People’s housing needs change throughout their lives, and income, household composition, age, opportunity, and the type of housing needed throughout one’s life may vary greatly. So, Portland will need to plan for and develop a wide range of housing to address the following trends:
- Portland is becoming a wealthier city overall, with 39% of households making $100,000+.
- The 2023 median income for a family of four in the Portland Metro is $114,500.
- 44% of households are lower income (<80% AMI) households.
- 31% of households are people of color.
- 13% are elders (65+).
- 22% are households with a person with a disability.
- 23% are households with children.
- 53% are homeowners.
- 70% are households with one or two people.
- 36% are cost burdened.
- 31% are lower income and cost burdened.
How much growth is Portland planning for?
Portland is planning for 120,560 dwelling units by 2045. This housing forecast is based on Metro’s 2019 regional forecast, plus adjustments for vacancy rates, vacation homes, historic underproduction and housing for the houseless population.
In addition, the City should “catch up” the units from underproduction and for households experiencing houselessness and build 55,000 units by 2032, roughly, 6,000 units per year. The City must plan to accommodate Portlanders, including low-income populations, communities of color, and people of all ages and abilities, with a diverse range of needs in terms of location, unit types and prices.
Portland’s future housing need is not evenly distributed among the population in the city. “Priority populations” are those facing historic and ongoing disadvantages, especially those impacted by limited housing choice and access.
How much development capacity does Portland have?
The Buildable Land Inventory (BLI) is an assessment of the development capacity in Portland under current planning and zoning designations. The BLI considers vacant land, redevelopment feasibility, and constraints on development to estimate future development capacity. The BLI estimates that Portland has capacity for 236,977 new housing units, with 90% of those in mixed-use and multi-dwelling zones.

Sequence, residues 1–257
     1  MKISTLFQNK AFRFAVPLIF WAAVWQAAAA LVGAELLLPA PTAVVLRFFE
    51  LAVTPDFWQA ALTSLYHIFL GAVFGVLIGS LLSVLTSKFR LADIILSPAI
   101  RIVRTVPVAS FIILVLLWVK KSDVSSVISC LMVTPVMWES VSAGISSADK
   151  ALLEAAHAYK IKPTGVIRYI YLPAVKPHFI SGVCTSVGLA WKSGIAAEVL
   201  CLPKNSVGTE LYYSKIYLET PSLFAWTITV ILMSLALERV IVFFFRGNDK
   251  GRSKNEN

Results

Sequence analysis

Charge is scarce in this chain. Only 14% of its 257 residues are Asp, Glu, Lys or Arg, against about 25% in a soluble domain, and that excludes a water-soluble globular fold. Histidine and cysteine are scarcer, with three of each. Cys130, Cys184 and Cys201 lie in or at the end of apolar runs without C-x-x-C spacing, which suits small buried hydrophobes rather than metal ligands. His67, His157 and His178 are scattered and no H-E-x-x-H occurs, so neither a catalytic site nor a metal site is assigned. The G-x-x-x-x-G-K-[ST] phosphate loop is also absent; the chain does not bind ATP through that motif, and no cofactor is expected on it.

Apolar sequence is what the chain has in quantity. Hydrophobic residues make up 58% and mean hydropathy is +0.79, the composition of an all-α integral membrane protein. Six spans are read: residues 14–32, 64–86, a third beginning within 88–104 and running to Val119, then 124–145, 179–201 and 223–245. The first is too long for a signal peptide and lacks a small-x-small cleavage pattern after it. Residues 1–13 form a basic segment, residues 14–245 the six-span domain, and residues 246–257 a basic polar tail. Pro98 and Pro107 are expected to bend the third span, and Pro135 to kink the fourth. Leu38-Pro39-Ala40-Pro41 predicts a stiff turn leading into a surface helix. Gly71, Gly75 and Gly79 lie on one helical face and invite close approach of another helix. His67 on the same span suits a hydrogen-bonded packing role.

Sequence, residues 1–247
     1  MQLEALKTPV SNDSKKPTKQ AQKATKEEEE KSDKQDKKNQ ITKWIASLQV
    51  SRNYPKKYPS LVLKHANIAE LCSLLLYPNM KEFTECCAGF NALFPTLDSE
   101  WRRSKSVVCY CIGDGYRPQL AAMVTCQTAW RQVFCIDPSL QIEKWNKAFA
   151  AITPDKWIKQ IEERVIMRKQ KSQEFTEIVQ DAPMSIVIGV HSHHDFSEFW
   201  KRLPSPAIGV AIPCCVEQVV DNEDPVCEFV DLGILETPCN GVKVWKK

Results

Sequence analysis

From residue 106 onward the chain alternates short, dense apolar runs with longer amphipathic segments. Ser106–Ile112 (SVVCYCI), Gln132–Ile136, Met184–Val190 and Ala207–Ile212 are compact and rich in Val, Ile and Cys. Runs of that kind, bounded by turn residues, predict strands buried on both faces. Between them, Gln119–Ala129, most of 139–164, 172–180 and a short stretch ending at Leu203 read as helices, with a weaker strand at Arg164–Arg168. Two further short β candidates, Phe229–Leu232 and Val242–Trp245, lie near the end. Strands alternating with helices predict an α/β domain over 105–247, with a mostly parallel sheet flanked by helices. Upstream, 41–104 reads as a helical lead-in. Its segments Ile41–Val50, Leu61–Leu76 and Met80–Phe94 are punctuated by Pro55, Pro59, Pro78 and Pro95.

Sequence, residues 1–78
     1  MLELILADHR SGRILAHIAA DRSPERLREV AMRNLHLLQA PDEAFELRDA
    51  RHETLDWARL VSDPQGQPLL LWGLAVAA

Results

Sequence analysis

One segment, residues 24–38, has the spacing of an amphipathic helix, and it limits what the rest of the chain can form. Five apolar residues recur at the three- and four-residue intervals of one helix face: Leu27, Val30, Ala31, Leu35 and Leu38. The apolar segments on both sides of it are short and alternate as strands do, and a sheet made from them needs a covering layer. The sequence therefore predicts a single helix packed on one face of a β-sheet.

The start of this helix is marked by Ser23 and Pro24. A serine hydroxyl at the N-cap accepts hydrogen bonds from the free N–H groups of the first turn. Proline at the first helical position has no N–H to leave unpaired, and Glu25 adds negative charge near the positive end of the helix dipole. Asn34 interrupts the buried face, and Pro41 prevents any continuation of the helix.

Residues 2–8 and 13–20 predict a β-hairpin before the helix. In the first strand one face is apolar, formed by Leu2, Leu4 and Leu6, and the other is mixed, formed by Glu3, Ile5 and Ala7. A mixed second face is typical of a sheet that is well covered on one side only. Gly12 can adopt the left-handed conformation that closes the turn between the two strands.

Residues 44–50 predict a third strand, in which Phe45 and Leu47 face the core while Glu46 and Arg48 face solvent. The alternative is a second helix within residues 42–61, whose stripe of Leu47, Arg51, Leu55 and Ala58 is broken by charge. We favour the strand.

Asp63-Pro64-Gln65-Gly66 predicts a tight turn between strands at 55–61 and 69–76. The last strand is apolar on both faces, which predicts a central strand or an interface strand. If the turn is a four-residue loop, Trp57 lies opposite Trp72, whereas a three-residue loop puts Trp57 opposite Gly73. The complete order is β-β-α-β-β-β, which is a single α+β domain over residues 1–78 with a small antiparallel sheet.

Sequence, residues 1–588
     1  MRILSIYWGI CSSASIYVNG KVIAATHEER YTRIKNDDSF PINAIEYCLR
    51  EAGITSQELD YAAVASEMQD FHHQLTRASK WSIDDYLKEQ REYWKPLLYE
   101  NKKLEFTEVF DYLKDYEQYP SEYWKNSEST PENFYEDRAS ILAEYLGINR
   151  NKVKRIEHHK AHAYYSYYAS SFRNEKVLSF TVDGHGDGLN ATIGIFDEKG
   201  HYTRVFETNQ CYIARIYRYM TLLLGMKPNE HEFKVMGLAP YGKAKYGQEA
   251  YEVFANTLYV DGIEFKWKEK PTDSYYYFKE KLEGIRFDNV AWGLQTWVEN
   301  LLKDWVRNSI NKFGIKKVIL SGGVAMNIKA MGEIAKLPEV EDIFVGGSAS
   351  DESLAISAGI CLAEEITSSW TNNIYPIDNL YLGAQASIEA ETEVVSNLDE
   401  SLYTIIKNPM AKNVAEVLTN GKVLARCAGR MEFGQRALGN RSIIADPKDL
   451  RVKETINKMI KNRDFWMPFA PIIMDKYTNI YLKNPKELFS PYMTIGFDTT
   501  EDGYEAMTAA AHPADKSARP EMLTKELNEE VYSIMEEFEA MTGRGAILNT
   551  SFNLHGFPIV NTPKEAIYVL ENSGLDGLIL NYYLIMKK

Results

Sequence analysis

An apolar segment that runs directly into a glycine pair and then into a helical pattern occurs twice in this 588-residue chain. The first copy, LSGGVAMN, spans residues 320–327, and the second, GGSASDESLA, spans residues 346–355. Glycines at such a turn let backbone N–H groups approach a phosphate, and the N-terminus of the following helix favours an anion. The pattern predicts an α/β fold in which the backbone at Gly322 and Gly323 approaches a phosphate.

While the City wants to provide residents with easy, walkable, bikeable access to services and resources in “complete neighborhoods,” when development increases so does pressure on lower income neighborhoods. Residents in these neighborhoods are vulnerable to displacement from their homes with the influx of newer, more expensive homes.
Complete Neighborhoods. Complete neighborhoods are places where people of all ages and abilities have safe and convenient access to the goods and services needed in daily life. These places where they can get to grocery stores, schools, libraries, and parks. About 64% of the total housing unit capacity is in ”complete neighborhoods.” The Portland Plan goal is that by 2035, 80% of Portlanders live in a healthy complete neighborhood, with safe and convenient access to the goods and services needed in daily life.
Economic Vulnerability. Displacement occurs when people or businesses are forced to move from a neighborhood because they can no longer afford it. Portland’s most vulnerable neighborhoods are those with the highest concentrations of lower income households, cost-burdened households that spend more than 30 percent of their income on housing; and people of color. Forty-two percent of the capacity is in areas of high economic vulnerability risk. These areas are in Central City, East and Northeast Portland.